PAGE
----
ASIC commences consultation on proposed guidance on crowd-sourced funding

ASIC today released two consultation papers proposing guidance for public companies and intermediaries (i.e. crowd funding platform operators) to assist them in using the new crowd-sourced funding (CSF) regime commencing on 29 September 2017.

Under the CSF regime, eligible public companies will be able to make offers of ordinary shares to a large number of investors, via an online platform of an Australian financial services licensed intermediary.

ASIC Commissioner John Price said, ‘CSF has the potential to be a new source of funding for small to medium-sized businesses, including start-up and early-stage companies.’

‘ASIC is keen to assist public companies and crowd funding platform operators to understand and comply with their obligations under the new regime, which can help sustain investor confidence and support for CSF.’

The proposals in Consultation Paper 288 Crowd-sourced funding: Guide for public companies (CP 288) aim to assist companies seeking to raise funds through CSF to navigate the new regime and to understand and comply with their obligations, particularly given many of these companies will not have experience in making public offers of their shares.

The proposals in Consultation Paper 289 Crowd-sourced funding: Guide for intermediaries (CP 289) aim to assist intermediaries seeking to provide a crowd-funding service, particularly given this is a new type of financial service and there are unique gatekeeper obligations for intermediaries operating platforms for CSF offers.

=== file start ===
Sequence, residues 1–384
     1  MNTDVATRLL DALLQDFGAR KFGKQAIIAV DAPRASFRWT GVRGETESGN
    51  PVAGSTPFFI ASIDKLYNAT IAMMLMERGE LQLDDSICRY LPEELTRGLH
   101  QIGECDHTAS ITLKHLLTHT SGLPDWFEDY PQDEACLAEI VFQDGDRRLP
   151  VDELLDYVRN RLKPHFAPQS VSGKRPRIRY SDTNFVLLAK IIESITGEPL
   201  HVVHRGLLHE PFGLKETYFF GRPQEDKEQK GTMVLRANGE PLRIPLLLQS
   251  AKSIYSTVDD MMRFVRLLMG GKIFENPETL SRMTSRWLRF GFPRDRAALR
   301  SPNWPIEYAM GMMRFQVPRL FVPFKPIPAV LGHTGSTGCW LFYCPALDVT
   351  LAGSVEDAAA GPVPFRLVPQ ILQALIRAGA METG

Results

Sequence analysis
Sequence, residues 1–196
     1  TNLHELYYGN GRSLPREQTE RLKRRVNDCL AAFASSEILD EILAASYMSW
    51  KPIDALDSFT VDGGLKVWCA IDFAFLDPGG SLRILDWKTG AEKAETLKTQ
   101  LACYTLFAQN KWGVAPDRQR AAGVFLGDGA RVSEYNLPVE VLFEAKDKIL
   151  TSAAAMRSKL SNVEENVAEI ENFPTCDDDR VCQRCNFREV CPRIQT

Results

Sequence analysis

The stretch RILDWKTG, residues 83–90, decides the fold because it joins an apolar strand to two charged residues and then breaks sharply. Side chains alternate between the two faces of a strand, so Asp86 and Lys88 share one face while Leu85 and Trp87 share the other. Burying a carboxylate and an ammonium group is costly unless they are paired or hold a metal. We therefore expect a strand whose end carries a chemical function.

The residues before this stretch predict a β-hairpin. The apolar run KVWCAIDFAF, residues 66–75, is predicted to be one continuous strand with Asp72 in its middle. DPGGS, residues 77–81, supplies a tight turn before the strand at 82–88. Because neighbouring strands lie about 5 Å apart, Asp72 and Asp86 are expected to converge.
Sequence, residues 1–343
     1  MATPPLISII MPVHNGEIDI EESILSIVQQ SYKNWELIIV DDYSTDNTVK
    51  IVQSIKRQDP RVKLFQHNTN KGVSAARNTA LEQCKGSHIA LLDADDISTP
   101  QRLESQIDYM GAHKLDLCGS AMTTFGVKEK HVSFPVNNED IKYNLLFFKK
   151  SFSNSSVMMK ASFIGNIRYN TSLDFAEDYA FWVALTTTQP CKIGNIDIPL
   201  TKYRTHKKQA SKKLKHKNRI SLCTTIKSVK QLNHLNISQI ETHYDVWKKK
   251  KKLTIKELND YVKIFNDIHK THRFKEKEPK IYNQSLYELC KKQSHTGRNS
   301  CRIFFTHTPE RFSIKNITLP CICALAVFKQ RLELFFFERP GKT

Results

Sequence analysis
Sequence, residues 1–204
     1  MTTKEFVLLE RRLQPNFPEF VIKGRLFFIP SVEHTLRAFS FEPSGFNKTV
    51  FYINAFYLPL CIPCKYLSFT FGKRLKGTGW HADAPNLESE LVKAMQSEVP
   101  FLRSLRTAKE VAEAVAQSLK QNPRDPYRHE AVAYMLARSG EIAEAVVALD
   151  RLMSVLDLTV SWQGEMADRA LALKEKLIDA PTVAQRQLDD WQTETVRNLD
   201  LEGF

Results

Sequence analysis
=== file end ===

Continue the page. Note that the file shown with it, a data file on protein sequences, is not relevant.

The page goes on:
ASIC invites submissions on CP 288 and CP 289, which are due by 3 August 2017.


  • CP 288 (including draft regulatory guide, draft template CSF offer document and ASIC instruments)
  • CP 289 (including draft regulatory guide and ASIC instruments)


The Corporations Amendment (Crowd-sourced Funding) Act 2017 (the Act) provides a legislative framework for crowd-sourced funding. The CSF regime reduces the regulatory requirements for public fundraising while maintaining appropriate investor protection measures. Intermediaries providing CSF services (e.g. operating a crowd funding platform) must hold an Australian financial services (AFS) licence.

The Act received Royal Assent on 28 March 2017 and takes effect from 29 September 2017.

The main features of the CSF regime under the Act are:

  • reduced disclosure in the form of an offer document which contains prescribed minimum information and is to be published on a licensed intermediary’s platform;
  • the gatekeeper role of the intermediary, including obligations to perform checks on companies making offers, its directors, and the offer document;
  • retail investor protections including an investment cap of $10,000 per company in any 12 month period and a cooling-off period to allow withdrawal from offers; and
  • temporary concessions for newly registered or converted public companies, for up to five years, from certain reporting, audit and corporate governance obligations.

The CSF regime forms part of the Government’s FinTech Priorities, released in March 2016, which identify the potential of CSF to provide new and innovative businesses with access to capital to develop their products or services and contribute to productivity growth.

See ASIC webpage on crowd-sourced funding for further information, including information on applications:

  • by intermediaries for an AFS licence with an authorisation to provide CSF services; and
  • to register new public companies or convert existing proprietary companies to public companies, to be eligible to raise funds using CSF and to access the corporate governance concessions.

© Australian Securities & Investments Commission. Reproduced with permission.